Now that you have some crypto and have not been scammed, plug in your Corazon (or Trezor) and activate it. The Trezor website connects to your device via your Chrome browser and the entire process is done online.

A hardware crypto wallet is essentially a secure storage device. To receive and send crypto, you need a wallet address, a public key (think of it as your public signature), and a private key (which must remain secret). Your wallet address—something like 1BvBMSEYstWetqTFn5Au4m4GFg7xJaNVN2is a long string of letters and numbers that identifies your wallet. You can hold multiple wallets on one hardware device and there are multiple types of wallets, one for each type of cryptocurrency. The hardware wallet stores your private keys securely, allowing you to access these wallets without typing in a very long and complex string of digits. You can feasibly store this information on paper—and people used to enjoy using “paper wallets” to store their crypto—but a hardware wallet is superior.

To set up your wallet, plug it in and visit the maker’s website. In Trezor’s case, the system will initialize the wallet, install the secure software, and create public and private keys. The Trezor stores these keys internally and the keys are considered secure as long as they are on the device. The device will also generate a pneumonic Recovery Key, which consists of about 20 words that are easily translated to the string of digits that makes up the private key. These words are also called a Recovery Phrase because they are used to recover your wallet if you lose any of your passwords or PINs.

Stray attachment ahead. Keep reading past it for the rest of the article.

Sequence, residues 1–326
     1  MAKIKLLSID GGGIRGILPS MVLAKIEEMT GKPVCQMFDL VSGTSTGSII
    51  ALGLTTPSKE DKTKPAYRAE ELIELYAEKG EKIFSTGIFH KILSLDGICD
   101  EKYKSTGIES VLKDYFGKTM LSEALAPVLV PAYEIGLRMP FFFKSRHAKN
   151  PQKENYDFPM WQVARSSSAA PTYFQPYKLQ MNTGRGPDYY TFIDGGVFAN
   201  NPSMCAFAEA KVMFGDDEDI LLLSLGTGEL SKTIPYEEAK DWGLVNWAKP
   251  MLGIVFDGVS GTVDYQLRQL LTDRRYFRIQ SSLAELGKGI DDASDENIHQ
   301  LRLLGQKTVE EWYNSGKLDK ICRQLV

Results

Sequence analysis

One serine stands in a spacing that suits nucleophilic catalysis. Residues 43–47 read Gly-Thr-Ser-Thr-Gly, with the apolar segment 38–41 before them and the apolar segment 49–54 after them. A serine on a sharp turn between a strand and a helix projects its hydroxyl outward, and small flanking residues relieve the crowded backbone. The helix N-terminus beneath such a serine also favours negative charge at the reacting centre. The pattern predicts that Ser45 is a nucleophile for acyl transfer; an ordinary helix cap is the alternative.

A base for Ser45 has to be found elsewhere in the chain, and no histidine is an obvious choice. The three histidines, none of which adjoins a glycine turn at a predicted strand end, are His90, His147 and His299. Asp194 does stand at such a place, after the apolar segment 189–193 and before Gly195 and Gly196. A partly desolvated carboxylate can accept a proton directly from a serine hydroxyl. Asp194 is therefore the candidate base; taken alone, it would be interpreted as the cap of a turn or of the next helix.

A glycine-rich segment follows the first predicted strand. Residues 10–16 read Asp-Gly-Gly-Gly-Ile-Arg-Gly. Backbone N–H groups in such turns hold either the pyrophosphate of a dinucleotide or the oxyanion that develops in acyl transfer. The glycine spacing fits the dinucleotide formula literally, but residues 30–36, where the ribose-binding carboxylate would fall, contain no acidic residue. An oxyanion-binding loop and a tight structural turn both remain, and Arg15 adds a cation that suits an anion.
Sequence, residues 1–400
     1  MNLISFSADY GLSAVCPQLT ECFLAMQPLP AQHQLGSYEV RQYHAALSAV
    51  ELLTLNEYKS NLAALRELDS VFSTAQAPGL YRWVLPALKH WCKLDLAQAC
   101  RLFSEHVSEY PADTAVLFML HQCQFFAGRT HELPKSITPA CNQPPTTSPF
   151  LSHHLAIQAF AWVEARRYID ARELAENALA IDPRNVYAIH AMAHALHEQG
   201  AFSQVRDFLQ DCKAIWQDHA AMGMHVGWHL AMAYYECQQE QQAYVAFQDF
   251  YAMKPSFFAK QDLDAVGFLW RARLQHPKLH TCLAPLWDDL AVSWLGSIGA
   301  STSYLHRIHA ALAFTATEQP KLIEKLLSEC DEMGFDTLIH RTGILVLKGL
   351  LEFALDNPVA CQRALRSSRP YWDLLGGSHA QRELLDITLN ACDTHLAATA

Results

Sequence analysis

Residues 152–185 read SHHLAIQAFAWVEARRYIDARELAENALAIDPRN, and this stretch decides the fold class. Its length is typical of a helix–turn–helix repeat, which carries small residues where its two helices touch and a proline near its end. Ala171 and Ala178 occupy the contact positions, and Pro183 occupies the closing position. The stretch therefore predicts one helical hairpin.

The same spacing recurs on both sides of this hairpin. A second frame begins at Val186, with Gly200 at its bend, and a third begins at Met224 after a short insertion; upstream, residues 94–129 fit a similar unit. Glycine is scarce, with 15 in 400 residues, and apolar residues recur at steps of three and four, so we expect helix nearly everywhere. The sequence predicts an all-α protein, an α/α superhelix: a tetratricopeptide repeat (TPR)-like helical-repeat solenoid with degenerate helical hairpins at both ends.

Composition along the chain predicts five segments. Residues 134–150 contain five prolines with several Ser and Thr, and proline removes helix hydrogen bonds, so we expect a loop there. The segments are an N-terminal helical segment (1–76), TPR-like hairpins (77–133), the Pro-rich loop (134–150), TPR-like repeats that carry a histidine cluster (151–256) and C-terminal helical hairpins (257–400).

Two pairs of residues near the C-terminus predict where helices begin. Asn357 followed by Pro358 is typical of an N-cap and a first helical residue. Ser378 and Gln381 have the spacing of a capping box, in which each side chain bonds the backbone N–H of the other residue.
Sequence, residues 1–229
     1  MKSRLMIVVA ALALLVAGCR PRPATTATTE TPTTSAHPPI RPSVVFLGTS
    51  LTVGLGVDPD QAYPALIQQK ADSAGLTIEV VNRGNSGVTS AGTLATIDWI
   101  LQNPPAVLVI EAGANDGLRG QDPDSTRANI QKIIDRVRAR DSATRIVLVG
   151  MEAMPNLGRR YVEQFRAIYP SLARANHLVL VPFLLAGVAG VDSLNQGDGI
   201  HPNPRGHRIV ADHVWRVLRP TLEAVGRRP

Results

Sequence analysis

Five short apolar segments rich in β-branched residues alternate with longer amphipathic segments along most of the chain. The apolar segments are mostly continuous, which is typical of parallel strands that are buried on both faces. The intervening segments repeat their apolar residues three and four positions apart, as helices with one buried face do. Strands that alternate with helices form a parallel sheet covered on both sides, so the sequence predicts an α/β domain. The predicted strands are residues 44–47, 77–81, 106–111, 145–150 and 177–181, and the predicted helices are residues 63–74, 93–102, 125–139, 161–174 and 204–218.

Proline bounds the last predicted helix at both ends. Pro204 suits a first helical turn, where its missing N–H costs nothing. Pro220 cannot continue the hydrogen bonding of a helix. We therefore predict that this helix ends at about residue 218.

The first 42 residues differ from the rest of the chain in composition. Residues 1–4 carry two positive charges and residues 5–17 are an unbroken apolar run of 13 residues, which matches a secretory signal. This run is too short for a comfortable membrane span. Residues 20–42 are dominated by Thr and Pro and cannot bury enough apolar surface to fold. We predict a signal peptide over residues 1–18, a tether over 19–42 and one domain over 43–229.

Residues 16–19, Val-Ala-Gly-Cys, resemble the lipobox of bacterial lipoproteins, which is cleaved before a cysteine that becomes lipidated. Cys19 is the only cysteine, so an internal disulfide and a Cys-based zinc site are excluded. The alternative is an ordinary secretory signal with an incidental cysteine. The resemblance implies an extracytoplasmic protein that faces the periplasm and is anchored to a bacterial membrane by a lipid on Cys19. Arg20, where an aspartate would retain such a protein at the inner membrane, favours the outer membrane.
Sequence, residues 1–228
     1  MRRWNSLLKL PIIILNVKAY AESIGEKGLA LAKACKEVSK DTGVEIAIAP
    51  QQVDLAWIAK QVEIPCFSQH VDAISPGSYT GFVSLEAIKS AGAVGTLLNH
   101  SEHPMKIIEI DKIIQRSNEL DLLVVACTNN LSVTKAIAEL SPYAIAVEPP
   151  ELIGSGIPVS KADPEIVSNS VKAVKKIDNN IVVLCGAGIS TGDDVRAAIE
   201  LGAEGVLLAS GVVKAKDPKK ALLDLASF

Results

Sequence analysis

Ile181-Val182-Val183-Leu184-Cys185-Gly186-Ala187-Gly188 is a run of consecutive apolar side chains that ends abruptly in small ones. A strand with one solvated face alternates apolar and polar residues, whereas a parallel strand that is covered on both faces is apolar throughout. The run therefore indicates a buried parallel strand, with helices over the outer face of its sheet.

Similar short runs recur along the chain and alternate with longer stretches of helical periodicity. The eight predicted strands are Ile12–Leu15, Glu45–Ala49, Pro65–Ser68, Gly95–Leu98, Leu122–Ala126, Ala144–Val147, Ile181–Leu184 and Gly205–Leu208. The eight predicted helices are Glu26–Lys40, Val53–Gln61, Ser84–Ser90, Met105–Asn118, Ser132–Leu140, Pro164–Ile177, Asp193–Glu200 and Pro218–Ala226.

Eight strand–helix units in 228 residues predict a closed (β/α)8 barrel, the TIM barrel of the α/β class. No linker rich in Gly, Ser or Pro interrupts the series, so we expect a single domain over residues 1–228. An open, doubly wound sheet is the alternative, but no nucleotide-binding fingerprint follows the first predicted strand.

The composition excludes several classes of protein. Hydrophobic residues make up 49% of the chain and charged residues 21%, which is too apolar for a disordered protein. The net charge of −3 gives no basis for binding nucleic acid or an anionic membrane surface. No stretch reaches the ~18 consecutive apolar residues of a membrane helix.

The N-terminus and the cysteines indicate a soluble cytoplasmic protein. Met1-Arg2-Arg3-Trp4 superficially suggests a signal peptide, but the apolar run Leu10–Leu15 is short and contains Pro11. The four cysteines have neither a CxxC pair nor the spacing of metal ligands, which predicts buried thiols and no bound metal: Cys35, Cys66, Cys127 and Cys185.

Some of my recovery key. Don’t worry. I’ll be wiping this thing.

Some of my recovery key. Don’t worry. I’ll be wiping this thing.
Photo: John Biggs/Gizmodo

The Trezor Model T usually has 24 recovery words but it also supports a new type of key that is split into multiple chunks of 20 words each. This means you could hide a chunk of your key in different places—home, work, with a friend—and recover your wallet if something terrible happens.

Whichever you choose, the system will walk you through the setup process and ask you to set a PIN for accessing the hardware wallet. Keep the recovery seed and the PIN safe. Do not keep them on your computer or your phone. To be completely safe, write it by hand on a piece of paper and store a few copies in different places. Your Recovery Phrase is the only thing standing between you and disaster.

Illustration for article titled How to Use a Hardware Wallet to Store Your Crypto

Screenshot: Trezor.io

Once you’re done setting up the device, your wallet is ready. The system will often ask you to confirm things on the hardware device before it allows you to perform certain actions.

As you see above, I’ve shared the actual wallet address for the Corazon Trezor in front of me. I’m able to do this because you can’t actively steal anything from me using only my wallet address. In fact, you can see my wallet on the Internet and even see how much I’ve deposited and withdrawn. If that sounds a little creepy, welcome to cryptocurrency.

I move over to Coinbase and initiate a funds transfer. Every transfer costs a small amount of money, in this case about 2 cents.